Welding and Brazing of Aluminum

Weldability and brazing properties of aluminum alloys depend heavily on their composition and heat treatment. Most of the wrought alloys can be brazed and welded, but sometimes only by special processes. The strength of some alloys  depends on heat treatment after welding. Alloys heat treated and artificially aged are susceptible to loss of strength at the weld, because weld is essentially cast. For this reason, high-strength structural alloys are commonly fabricated by riveting or bolting, rather than by welding.

Brazing is done by furnace, torch, or dip methods. Successful brazing is done with special fluxes.
Inert-gas shielded-arc welding is usually used for welding aluminum alloys. The inert gas, argon or helium, inhibits oxide formation during welding. The electrode used may be consumable metal or tungsten. The gas metal arc is generally preferred for structural welding, because of the higher speeds that can be used. The gas tungsten arc is preferred for thicknesses less than 1⁄2 in.
Butt-welded joints of annealed aluminum alloys and non-heat-treatable alloys have nearly the same strength as the parent metal. This is not true for strainhardened or heat-tempered alloys. In these conditions, the heat of welding weakens the metal in the vicinity of the weld. The tensile strength of a butt weld of alloy 6061-T6 may be reduced to 24 ksi, about two-thirds that of the parent metal. Tensile yield strength of such butt welds may be only 15 to 20 ksi, depending on metal thickness and type of filler wire used in welding.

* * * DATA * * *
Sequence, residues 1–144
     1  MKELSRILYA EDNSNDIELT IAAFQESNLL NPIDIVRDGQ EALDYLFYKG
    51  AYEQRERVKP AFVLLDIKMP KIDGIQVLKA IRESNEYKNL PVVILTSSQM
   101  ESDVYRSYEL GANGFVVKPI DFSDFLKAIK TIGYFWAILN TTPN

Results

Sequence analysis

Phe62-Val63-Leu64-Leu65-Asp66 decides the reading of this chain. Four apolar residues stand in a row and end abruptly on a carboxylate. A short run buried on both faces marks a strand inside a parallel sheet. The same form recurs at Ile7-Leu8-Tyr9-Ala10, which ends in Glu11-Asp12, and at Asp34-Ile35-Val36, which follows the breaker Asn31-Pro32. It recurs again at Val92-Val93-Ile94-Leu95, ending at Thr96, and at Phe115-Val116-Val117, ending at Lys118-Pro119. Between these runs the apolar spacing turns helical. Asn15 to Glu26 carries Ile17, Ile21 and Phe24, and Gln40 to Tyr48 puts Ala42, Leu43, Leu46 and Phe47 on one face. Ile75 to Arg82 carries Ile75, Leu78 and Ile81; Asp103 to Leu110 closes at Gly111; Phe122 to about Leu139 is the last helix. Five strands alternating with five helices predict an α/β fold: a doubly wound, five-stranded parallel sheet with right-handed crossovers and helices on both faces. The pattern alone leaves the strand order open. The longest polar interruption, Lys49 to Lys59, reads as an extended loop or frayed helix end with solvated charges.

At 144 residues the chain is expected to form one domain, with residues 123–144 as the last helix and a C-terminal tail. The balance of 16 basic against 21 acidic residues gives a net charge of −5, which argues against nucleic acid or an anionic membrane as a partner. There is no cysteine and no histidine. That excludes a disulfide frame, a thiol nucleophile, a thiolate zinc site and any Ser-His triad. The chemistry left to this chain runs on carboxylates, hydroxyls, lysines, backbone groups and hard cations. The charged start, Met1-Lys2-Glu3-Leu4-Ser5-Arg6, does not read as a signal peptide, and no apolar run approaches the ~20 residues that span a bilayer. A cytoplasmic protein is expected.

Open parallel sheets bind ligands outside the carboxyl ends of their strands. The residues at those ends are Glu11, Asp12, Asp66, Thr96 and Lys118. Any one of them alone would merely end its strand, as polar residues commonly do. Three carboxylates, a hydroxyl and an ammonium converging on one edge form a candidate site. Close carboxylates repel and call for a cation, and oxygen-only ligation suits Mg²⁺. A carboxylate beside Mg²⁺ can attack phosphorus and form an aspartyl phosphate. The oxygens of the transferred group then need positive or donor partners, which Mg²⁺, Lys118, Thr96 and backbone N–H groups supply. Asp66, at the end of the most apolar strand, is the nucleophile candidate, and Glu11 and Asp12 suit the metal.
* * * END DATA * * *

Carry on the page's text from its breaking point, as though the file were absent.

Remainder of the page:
Fillet welds similarly weaken heat-treated alloys. The shear strength of alloy 6061-T6 decreases from about 27 ksi to 17 ksi or less for a fillet weld.
Welds should be made to meet the requirements of the American Welding Society, Structural Welding Code Aluminum, AWS D1.2.

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